2015 General Election: Green party will not appear in TV debate alongside Ukip – says BBC

The announcement comes after almost 200,000 people signed a petition calling for the party to appear with Ukip and the three main Westminster parties

Kashmira Gander
Wednesday 29 October 2014 22:19
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Natalie Bennett, the leader of the Green Party, will not appear in planned 2015 General Election debates on the BBC
Natalie Bennett, the leader of the Green Party, will not appear in planned 2015 General Election debates on the BBC

The BBC had said it will not include the Green party in next year’s proposed 2015 General Election TV leader debates, rejecting demands that the party should receive the same coverage as Ukip.

The broadcaster argued that Ukip has seen a substantial increase in support unlike the Greens.

But the Green party responded by accusing the BBC of concentrating too much on its past performance.

Earlier this month, the BBC, ITV, Sky and Channel 4 announced joint plans to hold three debates in the six weeks before polling day. One would be a head-to-head between Mr Cameron and Mr Miliband. The second would involve these two leaders and Nick Clegg, while the third would also include Mr Farage.

As it emerged that the Green party faced exclusion, almost 200,000 people signed an online petition calling for the party to received equal coverage to Ukip as both have an MP.

In a letter to the Green party’s director of communications seen by the Guardian, the BBC said: “Ukip has demonstrated a substantial increase in electoral support since 2014 across a range of elections” supported by a robust trend across a range of opinion polls.

It added that opinion polls do not yet show that the Greens are currently at a level pegging with Nick Clegg’s party.

“Even if they did, we would still, of course, be taking as our starting point the result of the 2010 general election, where the Lib Dems took more than 50 seats and 23% share of the vote, demonstrating a level of electoral support overall substantially ahead of the Green party,” the letter continued.

The broadcaster added that it will “keep any new evidence of increased support for the Green party under close review” and said that if the debates are successful it would consider “offering appropriate opportunities to other political parties” in line with its obligation to be impartial.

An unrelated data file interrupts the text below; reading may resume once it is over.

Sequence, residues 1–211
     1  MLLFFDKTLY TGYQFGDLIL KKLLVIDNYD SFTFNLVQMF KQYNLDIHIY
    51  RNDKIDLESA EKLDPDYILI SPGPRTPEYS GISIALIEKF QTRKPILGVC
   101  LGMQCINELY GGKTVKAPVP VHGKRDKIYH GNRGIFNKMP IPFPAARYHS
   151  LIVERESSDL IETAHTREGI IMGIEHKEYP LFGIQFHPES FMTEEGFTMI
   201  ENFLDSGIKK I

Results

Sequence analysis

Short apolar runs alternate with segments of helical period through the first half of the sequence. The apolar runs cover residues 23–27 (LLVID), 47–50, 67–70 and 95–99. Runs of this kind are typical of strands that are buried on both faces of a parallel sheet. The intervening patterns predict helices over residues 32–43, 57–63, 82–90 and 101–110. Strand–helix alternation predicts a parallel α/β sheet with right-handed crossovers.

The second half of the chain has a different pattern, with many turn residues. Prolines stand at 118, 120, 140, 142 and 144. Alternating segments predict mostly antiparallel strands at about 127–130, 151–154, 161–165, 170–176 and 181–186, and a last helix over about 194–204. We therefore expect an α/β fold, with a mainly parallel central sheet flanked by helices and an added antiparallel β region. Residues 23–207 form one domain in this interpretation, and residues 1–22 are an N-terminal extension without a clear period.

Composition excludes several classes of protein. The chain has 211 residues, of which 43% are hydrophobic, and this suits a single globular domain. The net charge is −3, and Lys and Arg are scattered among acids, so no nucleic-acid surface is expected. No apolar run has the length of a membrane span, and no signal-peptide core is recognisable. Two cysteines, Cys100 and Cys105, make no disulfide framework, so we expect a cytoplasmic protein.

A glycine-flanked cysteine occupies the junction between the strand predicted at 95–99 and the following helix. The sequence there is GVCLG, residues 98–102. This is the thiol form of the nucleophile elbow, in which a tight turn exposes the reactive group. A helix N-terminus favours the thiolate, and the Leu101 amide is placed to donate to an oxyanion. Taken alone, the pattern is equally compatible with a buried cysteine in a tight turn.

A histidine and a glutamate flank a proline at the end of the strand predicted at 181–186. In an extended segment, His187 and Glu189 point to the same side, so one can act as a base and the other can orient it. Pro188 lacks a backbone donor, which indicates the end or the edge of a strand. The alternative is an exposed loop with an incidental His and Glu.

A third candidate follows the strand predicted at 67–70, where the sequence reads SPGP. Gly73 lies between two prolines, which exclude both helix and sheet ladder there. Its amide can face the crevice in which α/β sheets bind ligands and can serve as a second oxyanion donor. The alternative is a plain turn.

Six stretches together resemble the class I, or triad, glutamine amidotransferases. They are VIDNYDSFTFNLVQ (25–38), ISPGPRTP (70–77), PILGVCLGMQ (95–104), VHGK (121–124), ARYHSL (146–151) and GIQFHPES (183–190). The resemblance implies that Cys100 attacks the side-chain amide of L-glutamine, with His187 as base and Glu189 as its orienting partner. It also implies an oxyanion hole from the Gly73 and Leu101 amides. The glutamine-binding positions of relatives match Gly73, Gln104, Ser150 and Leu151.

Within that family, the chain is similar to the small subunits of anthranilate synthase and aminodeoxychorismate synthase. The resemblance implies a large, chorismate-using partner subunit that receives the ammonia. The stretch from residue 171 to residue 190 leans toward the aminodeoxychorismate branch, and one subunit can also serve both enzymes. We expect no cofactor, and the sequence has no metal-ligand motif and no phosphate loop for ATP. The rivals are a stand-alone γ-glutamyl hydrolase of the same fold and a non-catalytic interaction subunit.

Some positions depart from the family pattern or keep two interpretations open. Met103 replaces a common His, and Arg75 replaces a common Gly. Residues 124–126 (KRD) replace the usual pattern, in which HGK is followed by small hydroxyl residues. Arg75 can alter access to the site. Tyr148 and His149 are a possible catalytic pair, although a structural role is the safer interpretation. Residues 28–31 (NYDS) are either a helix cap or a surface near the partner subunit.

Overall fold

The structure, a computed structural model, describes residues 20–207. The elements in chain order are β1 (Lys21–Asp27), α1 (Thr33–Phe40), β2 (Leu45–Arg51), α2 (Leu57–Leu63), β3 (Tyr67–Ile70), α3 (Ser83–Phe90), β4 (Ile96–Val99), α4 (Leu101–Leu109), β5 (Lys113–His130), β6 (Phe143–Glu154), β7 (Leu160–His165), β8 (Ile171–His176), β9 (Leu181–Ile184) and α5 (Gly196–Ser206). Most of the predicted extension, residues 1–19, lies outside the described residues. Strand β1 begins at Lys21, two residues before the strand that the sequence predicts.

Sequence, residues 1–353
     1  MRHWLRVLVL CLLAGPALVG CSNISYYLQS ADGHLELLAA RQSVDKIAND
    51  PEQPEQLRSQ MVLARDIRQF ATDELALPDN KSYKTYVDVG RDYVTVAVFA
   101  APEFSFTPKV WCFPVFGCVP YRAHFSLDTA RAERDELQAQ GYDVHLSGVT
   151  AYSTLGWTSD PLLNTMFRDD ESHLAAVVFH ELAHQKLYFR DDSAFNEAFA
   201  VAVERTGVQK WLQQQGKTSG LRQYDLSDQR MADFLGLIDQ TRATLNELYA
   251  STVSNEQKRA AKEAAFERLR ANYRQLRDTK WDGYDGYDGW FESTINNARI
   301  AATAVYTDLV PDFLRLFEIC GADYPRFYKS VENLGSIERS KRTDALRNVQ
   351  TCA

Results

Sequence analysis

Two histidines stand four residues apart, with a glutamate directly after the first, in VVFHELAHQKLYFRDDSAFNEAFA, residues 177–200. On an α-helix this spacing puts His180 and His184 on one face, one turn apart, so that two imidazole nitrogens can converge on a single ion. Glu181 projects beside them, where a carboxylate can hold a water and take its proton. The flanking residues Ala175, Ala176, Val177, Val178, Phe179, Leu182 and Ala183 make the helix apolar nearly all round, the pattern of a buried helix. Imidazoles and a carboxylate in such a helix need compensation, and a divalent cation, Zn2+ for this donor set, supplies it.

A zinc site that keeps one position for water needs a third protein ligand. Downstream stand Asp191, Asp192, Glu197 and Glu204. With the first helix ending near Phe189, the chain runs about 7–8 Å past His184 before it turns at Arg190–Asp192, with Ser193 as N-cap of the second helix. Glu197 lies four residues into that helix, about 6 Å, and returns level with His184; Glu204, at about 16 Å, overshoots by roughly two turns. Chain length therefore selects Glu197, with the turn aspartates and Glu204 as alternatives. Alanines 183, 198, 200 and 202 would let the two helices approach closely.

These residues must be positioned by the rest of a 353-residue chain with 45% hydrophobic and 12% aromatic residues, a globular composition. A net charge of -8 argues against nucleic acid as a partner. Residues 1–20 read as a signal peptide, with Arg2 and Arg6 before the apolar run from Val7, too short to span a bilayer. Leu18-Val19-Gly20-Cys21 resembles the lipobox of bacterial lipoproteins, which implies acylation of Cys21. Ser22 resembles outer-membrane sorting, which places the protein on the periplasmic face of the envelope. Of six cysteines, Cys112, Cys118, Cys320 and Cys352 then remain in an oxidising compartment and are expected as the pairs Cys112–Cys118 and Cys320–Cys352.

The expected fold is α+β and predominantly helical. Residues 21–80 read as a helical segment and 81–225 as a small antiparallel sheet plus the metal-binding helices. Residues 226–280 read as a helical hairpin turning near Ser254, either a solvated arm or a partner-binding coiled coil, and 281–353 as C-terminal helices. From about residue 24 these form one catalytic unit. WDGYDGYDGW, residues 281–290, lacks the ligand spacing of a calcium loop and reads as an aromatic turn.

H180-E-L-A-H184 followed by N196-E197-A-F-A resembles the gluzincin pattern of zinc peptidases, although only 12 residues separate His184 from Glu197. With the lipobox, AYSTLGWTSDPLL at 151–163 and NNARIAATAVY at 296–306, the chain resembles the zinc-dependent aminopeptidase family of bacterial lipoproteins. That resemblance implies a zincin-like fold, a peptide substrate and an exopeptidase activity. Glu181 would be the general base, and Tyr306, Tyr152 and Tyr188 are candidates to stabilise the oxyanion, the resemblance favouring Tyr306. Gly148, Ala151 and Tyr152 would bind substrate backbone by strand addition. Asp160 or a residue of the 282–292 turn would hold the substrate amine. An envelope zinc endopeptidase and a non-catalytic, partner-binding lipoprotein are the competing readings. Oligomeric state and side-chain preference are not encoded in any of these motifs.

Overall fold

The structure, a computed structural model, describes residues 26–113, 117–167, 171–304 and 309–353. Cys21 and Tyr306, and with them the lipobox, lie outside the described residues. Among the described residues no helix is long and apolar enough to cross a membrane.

In a response seen by the Guardian, Green party leader Natalie Bennett criticised the BBC for concentrating on its past performance rather than looking at current polling data for the Greens and the Liberal Democrats.

Bennett cites a piece by leading pollster Peter Kellner which describes how the Greens are closing in on the Liberal Democrats as painting a realistic picture of where the Greens are in the political landscape, and said the party is concerned that the BBC is basing the debates on the results of the 2010 General Election.

“This demonstrates very clearly how the BBC appears to be acting as a worrying brake on democratic change; I believe they are failing to grasp that the future of politics doesn’t look like the past,” she said.

She added that “more people are recognising every day that the business as usual approach to economics, society, environment and politics is now untenable.

“This BBC attitude is contributing dangerously to the buildup of frustration and disillusionment with politics in the UK. We have seen nearly 200,000 people sign a petition demanding that Greens be included in the leaders’ debates based on natural justice and fairness."

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